A new study by the American Gaming Association (AGA) indicates that sports betting customers are shifting from illegal and offshore options to legal markets. According to the study, which the AGA summarized in a press release, spending with illegal bookies fell 25% last year in states that offer legal sports betting. In those same states, legal betting in the online and mobile space rose 12%.
The AGA’s research cites a few key factors as reasons for the ongoing shift to legal betting options. The most influential points that convinced players to move to legal betting sites or apps were confidence that their wins will be paid out (25%), general awareness that legal options are available (20%), and simply wanting to use a regulated and licensed sports betting provider (19%).
Making The Move From Illegal to Regulated Operators
Bill Miller, President and CEO of the AGA, notes that the continuing migration of consumers to legal platforms affirms the work that providers are doing to provide a great player experience. “We’ve known for a long time that Americans like to bet on sports. This research affirms their interest in moving toward the protections of the legal market,” he said, “Giving consumers convenient alternatives to the illegal market, like regulated mobile offerings and competitive odds, is key for getting bettors to switch to legal channels.”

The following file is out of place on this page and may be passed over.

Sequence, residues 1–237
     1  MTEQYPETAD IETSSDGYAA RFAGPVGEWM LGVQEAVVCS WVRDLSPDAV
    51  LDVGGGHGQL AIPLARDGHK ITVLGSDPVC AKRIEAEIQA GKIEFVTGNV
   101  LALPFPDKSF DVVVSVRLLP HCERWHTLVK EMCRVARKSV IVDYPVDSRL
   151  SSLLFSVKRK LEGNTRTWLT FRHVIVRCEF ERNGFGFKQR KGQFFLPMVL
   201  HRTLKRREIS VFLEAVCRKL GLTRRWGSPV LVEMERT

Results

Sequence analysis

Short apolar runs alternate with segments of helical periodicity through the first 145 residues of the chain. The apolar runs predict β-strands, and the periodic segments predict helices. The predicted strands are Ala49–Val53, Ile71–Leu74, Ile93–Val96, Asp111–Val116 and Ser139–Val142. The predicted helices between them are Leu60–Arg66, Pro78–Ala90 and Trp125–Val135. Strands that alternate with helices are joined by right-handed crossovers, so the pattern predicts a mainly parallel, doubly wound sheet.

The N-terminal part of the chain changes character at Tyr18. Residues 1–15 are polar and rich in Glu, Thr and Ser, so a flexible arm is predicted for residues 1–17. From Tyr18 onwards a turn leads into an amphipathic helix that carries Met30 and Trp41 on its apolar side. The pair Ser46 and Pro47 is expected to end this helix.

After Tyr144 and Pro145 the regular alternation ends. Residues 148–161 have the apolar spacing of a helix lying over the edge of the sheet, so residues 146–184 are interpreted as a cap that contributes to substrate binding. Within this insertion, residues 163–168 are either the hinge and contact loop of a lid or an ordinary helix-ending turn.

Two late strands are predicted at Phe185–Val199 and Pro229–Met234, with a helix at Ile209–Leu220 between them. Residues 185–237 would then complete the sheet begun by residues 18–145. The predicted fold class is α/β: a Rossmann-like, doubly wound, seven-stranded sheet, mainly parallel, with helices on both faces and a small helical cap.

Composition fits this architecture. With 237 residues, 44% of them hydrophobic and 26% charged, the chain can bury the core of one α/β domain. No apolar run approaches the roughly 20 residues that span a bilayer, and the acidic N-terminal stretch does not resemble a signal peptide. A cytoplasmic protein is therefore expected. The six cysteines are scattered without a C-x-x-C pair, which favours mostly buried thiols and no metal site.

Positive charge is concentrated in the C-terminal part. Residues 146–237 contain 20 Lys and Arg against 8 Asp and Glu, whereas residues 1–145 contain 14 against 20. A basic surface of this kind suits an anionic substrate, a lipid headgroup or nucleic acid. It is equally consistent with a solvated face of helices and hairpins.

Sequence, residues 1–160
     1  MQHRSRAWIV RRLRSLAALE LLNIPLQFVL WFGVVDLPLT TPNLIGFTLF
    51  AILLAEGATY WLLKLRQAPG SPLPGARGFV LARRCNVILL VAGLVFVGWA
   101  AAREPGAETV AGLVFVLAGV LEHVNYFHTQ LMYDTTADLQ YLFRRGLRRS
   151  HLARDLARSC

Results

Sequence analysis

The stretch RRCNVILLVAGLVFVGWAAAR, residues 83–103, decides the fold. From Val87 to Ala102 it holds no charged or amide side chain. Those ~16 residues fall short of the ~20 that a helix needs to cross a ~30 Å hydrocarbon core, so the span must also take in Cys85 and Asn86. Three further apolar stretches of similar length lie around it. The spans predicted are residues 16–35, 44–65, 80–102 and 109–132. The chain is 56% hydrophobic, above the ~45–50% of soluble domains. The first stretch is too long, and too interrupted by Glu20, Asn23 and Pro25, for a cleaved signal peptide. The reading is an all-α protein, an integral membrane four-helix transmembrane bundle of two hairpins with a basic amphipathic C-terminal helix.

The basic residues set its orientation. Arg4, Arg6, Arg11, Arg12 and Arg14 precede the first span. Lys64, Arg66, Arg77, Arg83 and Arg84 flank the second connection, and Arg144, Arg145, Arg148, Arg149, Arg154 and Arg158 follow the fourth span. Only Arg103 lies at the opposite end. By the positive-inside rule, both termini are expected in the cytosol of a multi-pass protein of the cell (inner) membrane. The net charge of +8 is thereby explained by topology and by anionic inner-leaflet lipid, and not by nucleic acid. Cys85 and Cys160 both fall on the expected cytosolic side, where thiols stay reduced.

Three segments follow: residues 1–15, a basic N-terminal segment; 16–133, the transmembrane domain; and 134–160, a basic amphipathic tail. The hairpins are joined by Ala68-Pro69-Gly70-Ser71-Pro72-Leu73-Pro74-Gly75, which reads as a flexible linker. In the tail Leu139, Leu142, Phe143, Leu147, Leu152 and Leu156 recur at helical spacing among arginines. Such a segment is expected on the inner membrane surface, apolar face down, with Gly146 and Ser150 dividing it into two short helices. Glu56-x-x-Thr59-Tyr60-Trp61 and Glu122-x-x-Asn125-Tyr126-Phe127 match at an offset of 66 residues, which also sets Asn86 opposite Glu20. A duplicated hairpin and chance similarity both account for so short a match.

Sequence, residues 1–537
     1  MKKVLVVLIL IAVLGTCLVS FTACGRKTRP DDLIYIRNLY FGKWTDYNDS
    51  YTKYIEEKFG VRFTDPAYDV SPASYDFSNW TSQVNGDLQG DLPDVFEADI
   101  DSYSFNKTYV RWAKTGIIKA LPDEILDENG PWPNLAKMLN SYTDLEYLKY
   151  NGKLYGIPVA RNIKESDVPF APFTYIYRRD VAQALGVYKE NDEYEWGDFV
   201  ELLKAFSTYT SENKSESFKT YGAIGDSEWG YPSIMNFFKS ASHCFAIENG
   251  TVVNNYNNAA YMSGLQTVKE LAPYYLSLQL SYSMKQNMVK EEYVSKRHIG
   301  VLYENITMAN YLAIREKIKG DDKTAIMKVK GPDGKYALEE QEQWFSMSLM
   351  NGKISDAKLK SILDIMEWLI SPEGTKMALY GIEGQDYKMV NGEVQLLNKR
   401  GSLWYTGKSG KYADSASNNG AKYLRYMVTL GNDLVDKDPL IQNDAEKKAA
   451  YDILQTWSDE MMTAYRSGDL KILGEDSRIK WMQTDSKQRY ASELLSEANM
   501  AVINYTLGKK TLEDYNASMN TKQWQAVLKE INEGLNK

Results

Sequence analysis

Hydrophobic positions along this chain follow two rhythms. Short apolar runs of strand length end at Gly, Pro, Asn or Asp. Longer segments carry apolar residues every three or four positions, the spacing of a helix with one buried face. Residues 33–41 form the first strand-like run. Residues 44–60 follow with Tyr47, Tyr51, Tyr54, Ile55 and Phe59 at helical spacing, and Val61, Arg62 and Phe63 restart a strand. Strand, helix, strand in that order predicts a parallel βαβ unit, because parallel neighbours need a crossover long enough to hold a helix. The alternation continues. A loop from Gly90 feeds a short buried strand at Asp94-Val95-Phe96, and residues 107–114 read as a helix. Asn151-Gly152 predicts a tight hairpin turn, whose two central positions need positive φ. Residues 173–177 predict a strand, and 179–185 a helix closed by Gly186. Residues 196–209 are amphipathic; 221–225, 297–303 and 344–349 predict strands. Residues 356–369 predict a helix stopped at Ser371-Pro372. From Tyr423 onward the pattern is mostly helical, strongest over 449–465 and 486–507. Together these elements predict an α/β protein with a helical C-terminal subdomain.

Those alternatives are working, according to the AGA research. The study shows that 74% of bettors say it’s important to bet exclusively with legal providers. Still, 52% of sports betting enthusiasts used the illegal market last year. However, 55% of bettors who mostly stuck to illegal operators believed they were using a legal, regulated operator.
Miller continues: “Illegal, offshore operators continue to take advantage of unknowing consumers. This only worsened during the sports shutdown…The AGA is focused on educating customers on how to wager legally and the dangers of the illegal market, especially with the return of the MLB and NBA this month.”
Sports Betting In The US: Current State
In addition to the study, the AGA offers an interactive map that shows each state’s sports betting status.
As of this writing, 18 states (and DC) have legalized and launched sports betting in some capacity. Many have launched retail and mobile offerings.
Four states have legalized sports betting but have yet to launch. Of them, Tennessee is the most unique case. The state has no land-based casinos and will grant online-only licenses to sports betting operators.
Eight other states have legislation in the works to regulate sports betting.
That leaves 20 states with no legal sports betting. Some of those markets, such as California, recently saw their proposed legislation halted, while others have proposed no laws at all.